It was bound to happen eventually.
After nine seasons with the Toronto Raptors, Kyle Lowry will be playing elsewhere next year having signed a three-year deal to join the Miami Heat, according to Yahoo's Vincent Goodwill and Substack's Marc Stein. He announced the move on his Instagram posting "MIAMI HEAT X KYLE LOWRY. LET'S GOO!!"
This feeling shouldn't be new to Raptors fans. Time and time again the greatest Raptor of all time has come to the brink of leaving Toronto. Back in 2013, he had his bags packed for New York before James Dolan killed the deal. In 2017, he seemed destined to sign elsewhere before inking a deal to return to Toronto. Even this past year, at the trade deadline in March, the eulogies had been written before he showed up again on March 26 in a Raptors uniform to take on the Phoenix Suns.
This time though it's real.
What can be said? How can words describe that feeling Lowry gave Raptors fans time and time again. He's the pesky underdog, overlooked and written off who connected with a city that never seems to quite get the respect it deserves. He taught Raptors fans to look beyond the box score, beyond points per game and the traditional numbers to understand what makes a player truly great. It's not the flashy buckets or slam dunks, it's the cunning instinct, the pull-up three-pointers just when the defense starts backpedaling to defend the paint and the charges he took over and over again no matter how much pain he had to endure.
"Listen, I've heaped about as much praise as I can on him," Raptors coach Nick Nurse said at the 2021 trade deadline when it looked like Lowry would be heading elsewhere. "My one comment that I always make that I think is the highest compliment I give him is he plays harder than anybody I've ever seen. On the court coaching, or coaching against, or watching games or anything, he plays harder than anybody I've ever seen, I can't give him a higher compliment than that."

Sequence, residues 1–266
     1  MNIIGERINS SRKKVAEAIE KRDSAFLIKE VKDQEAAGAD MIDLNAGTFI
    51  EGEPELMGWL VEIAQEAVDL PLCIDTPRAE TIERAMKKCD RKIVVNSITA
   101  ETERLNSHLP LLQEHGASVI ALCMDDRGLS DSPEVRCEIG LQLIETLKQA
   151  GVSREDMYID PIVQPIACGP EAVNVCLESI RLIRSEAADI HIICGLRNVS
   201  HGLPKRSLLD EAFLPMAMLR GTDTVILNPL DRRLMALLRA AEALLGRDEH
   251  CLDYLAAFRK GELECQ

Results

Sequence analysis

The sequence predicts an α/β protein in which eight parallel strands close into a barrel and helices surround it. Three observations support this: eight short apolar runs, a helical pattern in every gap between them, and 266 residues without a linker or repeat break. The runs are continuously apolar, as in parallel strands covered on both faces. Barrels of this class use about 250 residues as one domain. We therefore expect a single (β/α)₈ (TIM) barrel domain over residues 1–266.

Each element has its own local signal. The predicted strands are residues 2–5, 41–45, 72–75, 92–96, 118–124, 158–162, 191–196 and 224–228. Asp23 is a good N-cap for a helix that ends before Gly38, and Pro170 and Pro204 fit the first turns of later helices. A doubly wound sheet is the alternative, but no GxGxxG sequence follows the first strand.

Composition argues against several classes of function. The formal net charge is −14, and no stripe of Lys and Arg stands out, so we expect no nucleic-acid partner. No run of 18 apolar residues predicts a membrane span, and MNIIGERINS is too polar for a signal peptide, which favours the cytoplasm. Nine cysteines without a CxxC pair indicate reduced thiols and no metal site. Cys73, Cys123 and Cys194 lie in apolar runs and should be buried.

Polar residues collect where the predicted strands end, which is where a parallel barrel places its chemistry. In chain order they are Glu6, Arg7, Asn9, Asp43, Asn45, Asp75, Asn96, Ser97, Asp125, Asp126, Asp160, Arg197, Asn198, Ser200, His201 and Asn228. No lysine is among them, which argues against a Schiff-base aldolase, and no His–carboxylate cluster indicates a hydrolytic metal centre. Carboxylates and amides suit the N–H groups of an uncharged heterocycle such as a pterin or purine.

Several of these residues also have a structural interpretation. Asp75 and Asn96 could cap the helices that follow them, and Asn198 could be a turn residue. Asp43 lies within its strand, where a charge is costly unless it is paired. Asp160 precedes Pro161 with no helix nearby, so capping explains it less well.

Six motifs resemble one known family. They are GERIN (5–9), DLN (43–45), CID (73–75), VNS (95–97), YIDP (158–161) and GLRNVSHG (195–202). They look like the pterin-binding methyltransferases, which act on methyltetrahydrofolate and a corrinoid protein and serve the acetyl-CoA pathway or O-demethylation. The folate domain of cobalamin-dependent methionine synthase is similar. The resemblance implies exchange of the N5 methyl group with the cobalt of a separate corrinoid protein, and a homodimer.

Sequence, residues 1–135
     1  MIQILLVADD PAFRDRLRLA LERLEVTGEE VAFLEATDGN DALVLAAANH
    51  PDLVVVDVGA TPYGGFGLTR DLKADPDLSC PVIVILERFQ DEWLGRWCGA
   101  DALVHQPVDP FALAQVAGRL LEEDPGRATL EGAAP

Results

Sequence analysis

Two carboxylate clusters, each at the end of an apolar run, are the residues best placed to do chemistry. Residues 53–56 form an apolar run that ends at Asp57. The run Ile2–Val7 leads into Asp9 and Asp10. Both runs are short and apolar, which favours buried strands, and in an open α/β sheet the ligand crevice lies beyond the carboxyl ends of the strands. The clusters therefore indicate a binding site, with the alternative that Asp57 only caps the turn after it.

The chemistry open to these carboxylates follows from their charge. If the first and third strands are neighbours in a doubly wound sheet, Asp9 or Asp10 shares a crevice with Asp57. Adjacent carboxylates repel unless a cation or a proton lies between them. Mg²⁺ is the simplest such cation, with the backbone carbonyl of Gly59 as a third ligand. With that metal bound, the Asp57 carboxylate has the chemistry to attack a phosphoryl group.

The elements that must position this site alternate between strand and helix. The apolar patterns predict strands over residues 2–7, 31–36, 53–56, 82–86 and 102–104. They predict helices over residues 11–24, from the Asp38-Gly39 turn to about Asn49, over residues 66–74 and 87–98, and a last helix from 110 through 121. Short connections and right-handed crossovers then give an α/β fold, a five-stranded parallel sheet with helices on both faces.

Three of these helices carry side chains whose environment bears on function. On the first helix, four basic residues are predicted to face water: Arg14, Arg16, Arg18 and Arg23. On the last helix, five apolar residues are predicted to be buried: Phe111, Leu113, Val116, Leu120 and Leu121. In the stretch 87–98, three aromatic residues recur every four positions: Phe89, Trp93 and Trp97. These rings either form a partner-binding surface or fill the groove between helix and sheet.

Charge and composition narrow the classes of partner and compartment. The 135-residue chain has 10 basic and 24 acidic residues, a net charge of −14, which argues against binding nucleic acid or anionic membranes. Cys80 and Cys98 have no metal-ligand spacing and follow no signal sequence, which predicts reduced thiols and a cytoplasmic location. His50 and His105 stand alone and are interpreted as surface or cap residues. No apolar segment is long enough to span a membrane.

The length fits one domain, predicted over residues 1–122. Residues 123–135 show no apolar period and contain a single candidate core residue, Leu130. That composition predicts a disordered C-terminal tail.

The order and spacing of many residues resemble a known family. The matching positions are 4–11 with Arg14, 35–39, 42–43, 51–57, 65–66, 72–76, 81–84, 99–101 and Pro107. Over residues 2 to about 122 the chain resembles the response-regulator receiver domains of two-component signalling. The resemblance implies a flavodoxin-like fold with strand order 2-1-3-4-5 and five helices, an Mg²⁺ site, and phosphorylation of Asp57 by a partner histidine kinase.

Lowry was the ideal champion. The one who took the long route, through adversity, to the top. For years he was seen as a playoff underperformer, the kind of player you couldn't count on when the light shined the brightest. But he learned, he adapted, and he overcame. When Toronto needed him the most, he rose to the occasion, opening Game 6 of the 2019 NBA Finals with 11 of the game's first 13 points.
Even without him, his legacy will live on not just in the stories and memories of the past eight years, but in the community, and within the organization. Look at how far Fred VanVleet has come under Lowry's tutelage, OG Anunoby, Pascal Siakam, and Norman Powell. All his teammates, Serge Ibaka included, have signed massive paydays and gone on for far more productive careers after teaming up with Lowry than anyone thought was possible.
"For me to be a part of that is one of the best feelings in the world because these guys will be able to provide for their families forever," Lowry said back in March.
This isn't goodbye, though. Lowry has meant too much to Toronto and, frankly, Toronto has meant too much to Lowry for this to be the end. He will, as he has said before, be back with the Raptors one day. Before he retires he wants to sign a one-day contract to celebrate his time in Toronto and everything the Raptors have meant to him.
Until then, the two have decided to go in different directions. For Lowry, Miami offers a chance to compete for a championship this season all while playing alongside Jimmy Butler, one of his closest friends in the league, and play golf in a state with more courses than anywhere else in the United States. For Toronto, it's a chance to look to the future, to build around a young core, and give playing time to an exciting group of players that are competing to get the organization back to where it was just a few seasons ago.
While the greatest chapter in Raptors history may be closing, its memory and its impact will certainly live on forever.